Delaware dyes streams red to predict how a wastewater spill would pollute shellfish

Red dye is released from the Kent County wastewater treatment plant into The Gut, a tributary of the Murderkill River which runs into the Delaware Bay. (Emma Lee/WHYY)

Red dye is released from the Kent County wastewater treatment plant into The Gut, a tributary of the Murderkill River which runs into the Delaware Bay. (Emma Lee/WHYY)

Scientists in Delaware are dumping dye into waterways to study how a wastewater spill could affect shellfish in the Delaware Bay.

During the weeklong water quality study, red dye will be applied to Murderkill River to evaluate the Delaware Bay’s oyster beds.

Delaware’s wild harvest oyster beds are located in the Delaware Bay. A wastewater spill would force authorities to temporarily ban harvesting until conditions return to normal.  

“So the goal of this dye study is to look into and predict what those impacts to the Delaware Bay could be under an emergency situation such as a spill,” said Michael Bott, an environmental scientist with the Department of Natural Resources and Environmental Control’s Delaware Shellfish Program.

DNREC and the Kent County Department of Public Works are conducting the study for the first time in conjunction with the U.S. Food and Drug Administration.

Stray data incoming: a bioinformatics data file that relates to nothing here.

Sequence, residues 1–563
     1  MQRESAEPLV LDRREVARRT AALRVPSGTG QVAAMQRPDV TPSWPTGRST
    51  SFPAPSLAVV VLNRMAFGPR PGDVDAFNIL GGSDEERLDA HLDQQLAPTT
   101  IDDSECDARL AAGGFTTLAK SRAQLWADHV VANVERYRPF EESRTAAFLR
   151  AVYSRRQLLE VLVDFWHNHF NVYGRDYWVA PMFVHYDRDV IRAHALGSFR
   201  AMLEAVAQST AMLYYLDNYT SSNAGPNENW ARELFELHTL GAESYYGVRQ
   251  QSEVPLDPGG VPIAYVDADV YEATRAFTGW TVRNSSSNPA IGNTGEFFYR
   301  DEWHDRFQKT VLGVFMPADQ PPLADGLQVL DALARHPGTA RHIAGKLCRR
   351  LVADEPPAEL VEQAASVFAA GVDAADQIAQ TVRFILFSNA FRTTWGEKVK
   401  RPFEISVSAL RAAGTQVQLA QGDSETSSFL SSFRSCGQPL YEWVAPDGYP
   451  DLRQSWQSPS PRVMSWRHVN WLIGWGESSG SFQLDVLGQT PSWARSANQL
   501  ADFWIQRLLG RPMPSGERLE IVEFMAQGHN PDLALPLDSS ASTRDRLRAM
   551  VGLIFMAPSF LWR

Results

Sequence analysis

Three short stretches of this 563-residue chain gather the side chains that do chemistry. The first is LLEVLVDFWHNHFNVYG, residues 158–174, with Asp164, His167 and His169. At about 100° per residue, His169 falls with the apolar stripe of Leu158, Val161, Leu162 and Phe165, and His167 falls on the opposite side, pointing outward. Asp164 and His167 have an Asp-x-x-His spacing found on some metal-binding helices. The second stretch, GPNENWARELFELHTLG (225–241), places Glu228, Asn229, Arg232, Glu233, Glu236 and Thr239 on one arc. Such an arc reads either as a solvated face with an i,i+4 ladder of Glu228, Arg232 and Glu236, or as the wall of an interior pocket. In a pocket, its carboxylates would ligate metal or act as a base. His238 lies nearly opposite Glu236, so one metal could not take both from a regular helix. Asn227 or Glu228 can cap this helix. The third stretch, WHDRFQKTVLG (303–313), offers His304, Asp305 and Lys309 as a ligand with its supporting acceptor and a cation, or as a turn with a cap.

Between midnight Tuesday and noon Wednesday, scientists released the dye at the Kent County wastewater treatment plant near Frederica. The dye then traveled through a tributary into the Murderkill River. Bott said the dye will give the water a red hue for a couple of days, but it is nontoxic.

The study will help the state evaluate how much water quality would suffer if a spill occurred, and understand which areas would be most affected. That information could guide them to determine where harvesting would need to come to a halt.

“Emergency spills can happen anywhere, so how do you respond when those events happen?” Bott said. “For shellfish, it would result in a temporary closure to the harvest, which normally lasts about three weeks. … The dye is simulating what that spill would look like, and you can measure that and look at the dilution so you can better predict where and how long these closures need to occur.”

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